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Attractive Rotations

Age 11 to 14
Challenge Level


Why do this problem?

This problem provides a simple starting point creating attractive patterns using rotations, with the potential to go much further - exploring rotational symmetry, understanding the relationship between coordinates when rotating through multiples of $90^{\circ}$, and practising accurate construction with ruler, compasses and protractor are just a few ideas.

Work on this problem could provide an excellent opportunity for forging cross-curricular links with Art and Design departments.


Possible approach

These printable resources may be useful: Attractive Rotations,
                                                            Attractive Rotations Extension.

Begin by showing learners this image, and give them the chance to discuss in pairs anything they notice about it. Share ideas, and ask learners to suggest how they think the image might have been created.


Once they have had a chance to consider the symmetry of the image, show them the second image, which shows how the first image was made. Ask learners to create similar images of their own based on rotations through multiples of $90^{\circ}$ or through other angles using a protractor.


While they are constructing their own images, ask them to think of mathematical questions prompted by their images - these might include some of the lines of enquiry suggested below. Bring the class together during the lesson to share what they are choosing to work on, and at the end of the lesson to share their findings.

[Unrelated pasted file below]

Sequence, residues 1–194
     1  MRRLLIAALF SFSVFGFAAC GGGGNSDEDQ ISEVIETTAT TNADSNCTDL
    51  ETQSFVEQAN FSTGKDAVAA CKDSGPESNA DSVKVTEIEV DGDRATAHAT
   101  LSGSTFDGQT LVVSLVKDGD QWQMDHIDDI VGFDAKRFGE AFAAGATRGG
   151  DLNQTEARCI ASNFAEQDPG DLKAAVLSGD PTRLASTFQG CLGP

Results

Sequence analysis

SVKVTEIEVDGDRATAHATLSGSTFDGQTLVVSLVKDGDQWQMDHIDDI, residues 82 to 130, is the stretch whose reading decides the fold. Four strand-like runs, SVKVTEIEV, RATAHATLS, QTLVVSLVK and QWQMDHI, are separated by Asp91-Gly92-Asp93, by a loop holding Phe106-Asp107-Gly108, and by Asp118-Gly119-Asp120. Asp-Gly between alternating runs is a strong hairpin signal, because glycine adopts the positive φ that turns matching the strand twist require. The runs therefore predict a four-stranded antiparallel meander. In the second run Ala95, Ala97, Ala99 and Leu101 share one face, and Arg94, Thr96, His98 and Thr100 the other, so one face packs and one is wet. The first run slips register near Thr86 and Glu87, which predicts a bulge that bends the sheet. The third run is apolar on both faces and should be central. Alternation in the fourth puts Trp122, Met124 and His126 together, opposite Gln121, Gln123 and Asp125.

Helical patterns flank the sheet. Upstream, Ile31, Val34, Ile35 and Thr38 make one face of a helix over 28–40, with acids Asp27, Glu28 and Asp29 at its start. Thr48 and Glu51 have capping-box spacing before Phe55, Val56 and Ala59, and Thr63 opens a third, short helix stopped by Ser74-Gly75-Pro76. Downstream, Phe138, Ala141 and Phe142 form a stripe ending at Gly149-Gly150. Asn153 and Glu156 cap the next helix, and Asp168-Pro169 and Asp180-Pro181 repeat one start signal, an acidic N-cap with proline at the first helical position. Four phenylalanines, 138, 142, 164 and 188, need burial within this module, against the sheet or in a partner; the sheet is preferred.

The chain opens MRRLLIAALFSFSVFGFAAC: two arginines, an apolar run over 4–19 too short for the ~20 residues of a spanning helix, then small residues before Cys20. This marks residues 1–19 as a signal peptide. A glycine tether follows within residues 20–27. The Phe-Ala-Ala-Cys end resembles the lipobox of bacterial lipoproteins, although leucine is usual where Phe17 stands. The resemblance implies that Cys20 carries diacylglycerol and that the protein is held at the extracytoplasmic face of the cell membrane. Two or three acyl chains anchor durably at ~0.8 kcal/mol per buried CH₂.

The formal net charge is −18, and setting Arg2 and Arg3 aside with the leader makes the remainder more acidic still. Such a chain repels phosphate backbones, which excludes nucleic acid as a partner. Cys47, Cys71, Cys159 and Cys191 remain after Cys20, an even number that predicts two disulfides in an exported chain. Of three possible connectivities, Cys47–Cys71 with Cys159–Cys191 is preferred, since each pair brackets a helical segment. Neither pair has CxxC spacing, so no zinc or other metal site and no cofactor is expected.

Key questions

How can you use a coordinate grid to help you to rotate each point through multiples of $90^{\circ}$ around $(0,0)$?

What is the relationship between the coordinates of the points as they rotate through multiples of $90^{\circ}$?

Can you use an isometric grid to rotate a shape through multiples of $60^{\circ}$?

What do you notice about the rotational symmetry of images based on rotations such as $30^{\circ}$ or $72^{\circ}$?


Possible support

Learners could begin by rotating single points through multiples of $90^{\circ}$ using the technique suggested below:
rotating a point through 90 degrees


Possible extension

What is the rotational symmetry of your final image if you rotate through multiples of $80^{\circ}$ or $135^{\circ}$?

Can you explain why?
Can you suggest other angles which would give similar effects?